The degradation of image quality due to the video compression that is used to reduce transmission bandwidth and consequently to reduce the cost of the conference that is especially noticeable in motion actions
- The audio delay between the transmitting and receiving ends, that even small in its nature is heavily noticed by the users and,
- The almost unavoidable losses of communication that are particularly pernicious when they happen at the times when the speaker is engaged in lecturing rather than in interactive discussion.

MATERIALS AND METHODS

The students enrolled in their sophomore year of the Associates Degree in Biomedical Engineering Technology at the Penn State University, Wilkes-Barre Campus participated in a remote and highly interactive Guest Lecture Program. The Guest Lectures were delivered once a week, being treated as course material in the BET 204W course. After the lectures finished the author engaged the students in discussion about the content of the lecture and its repercussions on their future professional careers. The lectures were delivered by experts in fields other that academia, at the Penn State University, New Kensington Campus under the direction of the Biomedical Engineering Technology Program Chair, Scott Segalowitz. The students at the New

Kensington Campus (near site) received the live lectures, while the students at the Wilkes-Barre Campus (remote site) received the lectures via PicTel™, a Two-Way Video Conferencing System. Although the information given to the students at both campuses was the same, the transmission channel was absolutely different, originating substantial differences in how the information is assimilated and retained by the two groups of students.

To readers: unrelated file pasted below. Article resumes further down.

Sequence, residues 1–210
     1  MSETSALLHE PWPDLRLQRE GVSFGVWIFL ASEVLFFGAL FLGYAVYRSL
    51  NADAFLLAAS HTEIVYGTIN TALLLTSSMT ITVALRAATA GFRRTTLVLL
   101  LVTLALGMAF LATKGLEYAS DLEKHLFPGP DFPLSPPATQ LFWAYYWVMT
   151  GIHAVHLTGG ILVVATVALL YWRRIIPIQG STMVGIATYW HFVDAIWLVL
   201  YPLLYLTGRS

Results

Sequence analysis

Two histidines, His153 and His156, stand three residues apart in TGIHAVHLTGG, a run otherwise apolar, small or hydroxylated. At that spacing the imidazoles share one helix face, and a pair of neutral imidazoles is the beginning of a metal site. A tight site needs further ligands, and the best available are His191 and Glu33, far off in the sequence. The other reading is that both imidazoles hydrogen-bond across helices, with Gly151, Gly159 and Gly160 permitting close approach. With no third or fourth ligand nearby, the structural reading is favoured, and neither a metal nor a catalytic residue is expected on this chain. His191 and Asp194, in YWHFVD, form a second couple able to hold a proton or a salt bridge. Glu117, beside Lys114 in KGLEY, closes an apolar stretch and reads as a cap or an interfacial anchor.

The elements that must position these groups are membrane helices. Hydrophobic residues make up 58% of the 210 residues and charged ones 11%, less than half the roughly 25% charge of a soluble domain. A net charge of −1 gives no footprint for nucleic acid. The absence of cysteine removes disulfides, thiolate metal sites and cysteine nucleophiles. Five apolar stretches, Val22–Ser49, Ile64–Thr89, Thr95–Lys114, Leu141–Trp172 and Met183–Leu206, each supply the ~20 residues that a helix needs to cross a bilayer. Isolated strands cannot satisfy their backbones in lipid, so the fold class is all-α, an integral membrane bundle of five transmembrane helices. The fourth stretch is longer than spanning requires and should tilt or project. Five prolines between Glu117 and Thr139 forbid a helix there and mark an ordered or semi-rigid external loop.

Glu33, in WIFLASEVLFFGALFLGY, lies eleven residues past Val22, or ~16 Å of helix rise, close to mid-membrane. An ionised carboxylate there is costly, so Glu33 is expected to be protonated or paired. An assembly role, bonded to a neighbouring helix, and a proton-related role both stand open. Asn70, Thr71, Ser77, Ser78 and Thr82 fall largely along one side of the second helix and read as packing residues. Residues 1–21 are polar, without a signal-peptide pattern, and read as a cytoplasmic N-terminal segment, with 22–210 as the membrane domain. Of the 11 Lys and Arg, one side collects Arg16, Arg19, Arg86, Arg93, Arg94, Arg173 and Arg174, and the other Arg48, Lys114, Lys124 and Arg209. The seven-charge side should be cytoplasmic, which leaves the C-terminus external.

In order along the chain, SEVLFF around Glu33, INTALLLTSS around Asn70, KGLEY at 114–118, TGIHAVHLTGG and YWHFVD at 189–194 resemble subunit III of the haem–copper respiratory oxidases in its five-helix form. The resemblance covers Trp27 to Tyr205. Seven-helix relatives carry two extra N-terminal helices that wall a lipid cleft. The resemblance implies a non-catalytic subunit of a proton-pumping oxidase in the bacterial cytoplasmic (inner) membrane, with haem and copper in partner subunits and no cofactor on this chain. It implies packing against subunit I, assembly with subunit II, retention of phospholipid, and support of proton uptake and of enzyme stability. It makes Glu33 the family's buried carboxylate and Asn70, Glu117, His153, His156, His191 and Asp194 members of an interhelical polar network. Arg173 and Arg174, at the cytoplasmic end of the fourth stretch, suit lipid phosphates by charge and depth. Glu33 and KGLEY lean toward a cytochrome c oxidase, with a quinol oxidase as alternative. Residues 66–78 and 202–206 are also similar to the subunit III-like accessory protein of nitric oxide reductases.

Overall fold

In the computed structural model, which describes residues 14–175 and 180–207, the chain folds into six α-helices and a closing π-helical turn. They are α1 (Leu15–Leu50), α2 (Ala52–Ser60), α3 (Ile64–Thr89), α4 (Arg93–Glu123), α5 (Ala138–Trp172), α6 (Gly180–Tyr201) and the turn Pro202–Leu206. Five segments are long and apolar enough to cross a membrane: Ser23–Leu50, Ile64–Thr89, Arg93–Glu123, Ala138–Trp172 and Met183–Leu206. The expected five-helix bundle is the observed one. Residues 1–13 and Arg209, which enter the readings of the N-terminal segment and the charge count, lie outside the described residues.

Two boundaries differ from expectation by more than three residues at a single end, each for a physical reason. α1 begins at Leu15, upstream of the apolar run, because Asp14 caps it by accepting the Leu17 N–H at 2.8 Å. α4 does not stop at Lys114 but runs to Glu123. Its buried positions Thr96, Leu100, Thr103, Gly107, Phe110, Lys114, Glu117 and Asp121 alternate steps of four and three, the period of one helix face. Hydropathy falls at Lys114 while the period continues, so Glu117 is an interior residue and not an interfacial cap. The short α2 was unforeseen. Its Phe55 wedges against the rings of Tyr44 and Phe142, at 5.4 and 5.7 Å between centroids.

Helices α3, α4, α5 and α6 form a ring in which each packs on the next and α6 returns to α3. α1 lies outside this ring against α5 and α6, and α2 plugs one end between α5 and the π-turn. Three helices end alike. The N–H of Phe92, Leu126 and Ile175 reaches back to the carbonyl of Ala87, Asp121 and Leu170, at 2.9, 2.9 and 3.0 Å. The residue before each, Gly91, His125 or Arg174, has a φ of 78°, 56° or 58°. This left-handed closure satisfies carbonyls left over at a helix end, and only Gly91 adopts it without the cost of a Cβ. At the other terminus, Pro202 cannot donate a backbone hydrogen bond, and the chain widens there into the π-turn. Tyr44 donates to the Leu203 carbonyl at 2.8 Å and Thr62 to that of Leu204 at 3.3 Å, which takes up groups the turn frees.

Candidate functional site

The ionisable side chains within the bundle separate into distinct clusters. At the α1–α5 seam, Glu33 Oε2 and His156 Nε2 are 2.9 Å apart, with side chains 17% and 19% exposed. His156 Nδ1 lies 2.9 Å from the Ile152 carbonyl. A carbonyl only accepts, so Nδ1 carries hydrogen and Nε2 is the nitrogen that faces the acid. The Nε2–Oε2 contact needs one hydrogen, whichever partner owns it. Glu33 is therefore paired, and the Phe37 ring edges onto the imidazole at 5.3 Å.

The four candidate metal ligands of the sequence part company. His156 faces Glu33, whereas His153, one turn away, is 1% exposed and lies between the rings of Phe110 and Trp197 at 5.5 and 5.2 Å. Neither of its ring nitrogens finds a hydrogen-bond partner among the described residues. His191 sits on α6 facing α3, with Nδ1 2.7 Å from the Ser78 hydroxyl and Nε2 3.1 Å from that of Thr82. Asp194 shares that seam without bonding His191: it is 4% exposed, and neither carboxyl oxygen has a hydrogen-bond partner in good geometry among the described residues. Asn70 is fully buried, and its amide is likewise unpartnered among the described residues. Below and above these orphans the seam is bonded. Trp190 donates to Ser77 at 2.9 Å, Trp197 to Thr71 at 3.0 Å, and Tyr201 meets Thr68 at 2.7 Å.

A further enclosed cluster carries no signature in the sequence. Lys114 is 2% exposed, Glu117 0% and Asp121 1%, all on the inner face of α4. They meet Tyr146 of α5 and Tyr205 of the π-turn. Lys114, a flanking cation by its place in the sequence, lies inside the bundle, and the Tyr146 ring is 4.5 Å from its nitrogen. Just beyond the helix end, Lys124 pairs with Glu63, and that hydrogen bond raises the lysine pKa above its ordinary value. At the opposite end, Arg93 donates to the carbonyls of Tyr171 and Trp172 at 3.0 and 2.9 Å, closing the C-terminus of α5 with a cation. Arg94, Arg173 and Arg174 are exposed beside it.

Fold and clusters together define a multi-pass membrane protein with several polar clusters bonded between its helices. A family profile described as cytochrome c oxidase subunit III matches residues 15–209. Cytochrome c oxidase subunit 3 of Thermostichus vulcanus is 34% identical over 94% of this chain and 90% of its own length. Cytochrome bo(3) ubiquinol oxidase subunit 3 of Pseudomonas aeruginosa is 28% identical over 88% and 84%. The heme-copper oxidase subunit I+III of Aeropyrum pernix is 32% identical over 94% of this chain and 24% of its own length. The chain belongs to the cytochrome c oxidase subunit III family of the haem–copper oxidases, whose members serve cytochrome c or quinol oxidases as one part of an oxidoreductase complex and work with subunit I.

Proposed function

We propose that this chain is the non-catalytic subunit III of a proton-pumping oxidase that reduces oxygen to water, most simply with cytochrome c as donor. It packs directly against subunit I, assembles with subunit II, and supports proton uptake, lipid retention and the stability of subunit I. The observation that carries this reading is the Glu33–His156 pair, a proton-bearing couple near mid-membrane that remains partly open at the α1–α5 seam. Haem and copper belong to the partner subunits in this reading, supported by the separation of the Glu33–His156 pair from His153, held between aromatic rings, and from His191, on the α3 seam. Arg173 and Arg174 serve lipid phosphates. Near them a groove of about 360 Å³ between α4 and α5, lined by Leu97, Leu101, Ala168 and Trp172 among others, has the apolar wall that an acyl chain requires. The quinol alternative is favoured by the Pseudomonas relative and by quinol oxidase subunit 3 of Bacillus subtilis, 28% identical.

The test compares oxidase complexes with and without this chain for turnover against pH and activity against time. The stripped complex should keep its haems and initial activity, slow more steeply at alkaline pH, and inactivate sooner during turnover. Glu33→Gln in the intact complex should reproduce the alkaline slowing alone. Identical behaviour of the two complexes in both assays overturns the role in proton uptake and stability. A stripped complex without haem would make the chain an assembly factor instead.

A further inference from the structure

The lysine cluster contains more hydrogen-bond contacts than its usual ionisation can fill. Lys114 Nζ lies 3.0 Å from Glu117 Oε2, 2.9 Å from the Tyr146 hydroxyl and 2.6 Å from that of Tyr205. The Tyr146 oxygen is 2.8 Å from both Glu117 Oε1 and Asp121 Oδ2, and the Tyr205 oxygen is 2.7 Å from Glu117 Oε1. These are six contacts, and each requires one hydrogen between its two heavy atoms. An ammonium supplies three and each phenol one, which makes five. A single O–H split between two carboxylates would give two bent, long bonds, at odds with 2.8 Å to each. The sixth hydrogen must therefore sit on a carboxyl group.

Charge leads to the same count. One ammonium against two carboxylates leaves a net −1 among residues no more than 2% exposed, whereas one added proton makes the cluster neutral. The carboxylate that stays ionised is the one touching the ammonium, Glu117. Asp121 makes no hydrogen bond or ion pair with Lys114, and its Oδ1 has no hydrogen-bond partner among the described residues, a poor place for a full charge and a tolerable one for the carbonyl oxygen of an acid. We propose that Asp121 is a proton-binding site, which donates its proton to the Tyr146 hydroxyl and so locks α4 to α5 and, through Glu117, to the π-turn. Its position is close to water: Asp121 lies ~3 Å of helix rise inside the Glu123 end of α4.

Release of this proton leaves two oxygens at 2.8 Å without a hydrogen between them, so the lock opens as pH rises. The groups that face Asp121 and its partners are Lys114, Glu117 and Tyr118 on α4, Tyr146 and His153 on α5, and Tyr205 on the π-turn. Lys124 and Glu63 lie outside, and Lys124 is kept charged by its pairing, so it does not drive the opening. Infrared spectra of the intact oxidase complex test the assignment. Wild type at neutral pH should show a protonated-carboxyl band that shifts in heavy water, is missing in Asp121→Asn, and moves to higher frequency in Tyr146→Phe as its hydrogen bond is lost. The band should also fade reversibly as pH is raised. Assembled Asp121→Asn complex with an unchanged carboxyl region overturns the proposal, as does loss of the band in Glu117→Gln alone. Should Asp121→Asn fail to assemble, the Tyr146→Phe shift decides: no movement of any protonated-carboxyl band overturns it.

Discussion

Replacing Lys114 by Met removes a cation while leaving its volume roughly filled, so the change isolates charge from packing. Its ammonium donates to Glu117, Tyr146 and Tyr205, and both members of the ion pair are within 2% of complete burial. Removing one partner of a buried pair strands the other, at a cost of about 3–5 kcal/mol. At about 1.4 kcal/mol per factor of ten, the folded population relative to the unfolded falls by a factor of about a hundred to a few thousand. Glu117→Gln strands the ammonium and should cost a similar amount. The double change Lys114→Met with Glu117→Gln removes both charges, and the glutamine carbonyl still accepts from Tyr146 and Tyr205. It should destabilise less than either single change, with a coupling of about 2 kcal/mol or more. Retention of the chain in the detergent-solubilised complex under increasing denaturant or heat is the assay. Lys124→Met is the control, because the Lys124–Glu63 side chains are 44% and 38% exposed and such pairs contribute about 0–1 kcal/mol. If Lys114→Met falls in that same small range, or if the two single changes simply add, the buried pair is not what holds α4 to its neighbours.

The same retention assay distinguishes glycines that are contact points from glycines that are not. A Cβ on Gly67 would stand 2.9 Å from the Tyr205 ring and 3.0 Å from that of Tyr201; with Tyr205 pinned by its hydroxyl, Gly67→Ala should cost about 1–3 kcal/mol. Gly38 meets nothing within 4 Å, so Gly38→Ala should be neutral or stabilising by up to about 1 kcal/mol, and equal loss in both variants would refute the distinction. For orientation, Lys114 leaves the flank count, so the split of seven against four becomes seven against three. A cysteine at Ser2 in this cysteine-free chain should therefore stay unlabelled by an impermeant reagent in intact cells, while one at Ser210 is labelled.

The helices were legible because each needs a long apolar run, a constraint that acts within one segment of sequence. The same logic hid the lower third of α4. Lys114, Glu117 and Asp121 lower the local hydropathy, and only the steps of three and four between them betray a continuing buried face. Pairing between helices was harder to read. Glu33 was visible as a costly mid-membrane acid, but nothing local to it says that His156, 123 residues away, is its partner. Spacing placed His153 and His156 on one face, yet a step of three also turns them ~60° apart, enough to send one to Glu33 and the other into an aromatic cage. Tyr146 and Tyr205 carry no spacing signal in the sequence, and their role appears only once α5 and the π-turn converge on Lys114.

The purpose of the program was to expose the Biomedical Engineering Technology students to a broad variety of subjects related to the Clinical Engineering field. The regular academic sessions give the students the basic knowledge of engineering and other related disciplines to develop their technical skills and expands their critical thinking. The input from industry and other related professionals gives them the breadth of perspective that is needed to become well-rounded and resourceful professionals in today's global and competitive markets (Arne, 1996).

The Guest Lecture Program contained two types of lectures:

Technically-oriented lectures that describe in depth the technical and functional aspects of different medical equipment whose basic working principles have been previously explained in the classroom.

Lectures that focused on aspects that have been traditionally forgotten by academia but will have a high impact in the students professional careers, such as regulatory issues, aspects of technical writing, ethics, and interactions with other professionals among others (Elder et al. 1996). At the end of the Guest Lecture Program the students at the Wilkes-Barre Campus were asked to anonymously respond to a survey regarding the program and the videoconferencing media that was used to transmit the lectures with their responses analyzed in this paper.

RESULTS

All the students indicated a preference for the lectures that had a high technical content and concentrated in medical equipment rather than the lectures that focused on interpersonal and interprofessional skills. This outcome is not surprising as the students are pursuing a degree in a very specialized and strongly technical field. They valued the possibility of acquiring more in-depth technical information on medical equipment, followed by the possibility of interacting with professionals in the field, wither by being aware of the industry needs or talking to professionals currently employed, as it is shown in Figure 1. All the students also agreed that although they did not like the less technical lectures, the program was well balanced.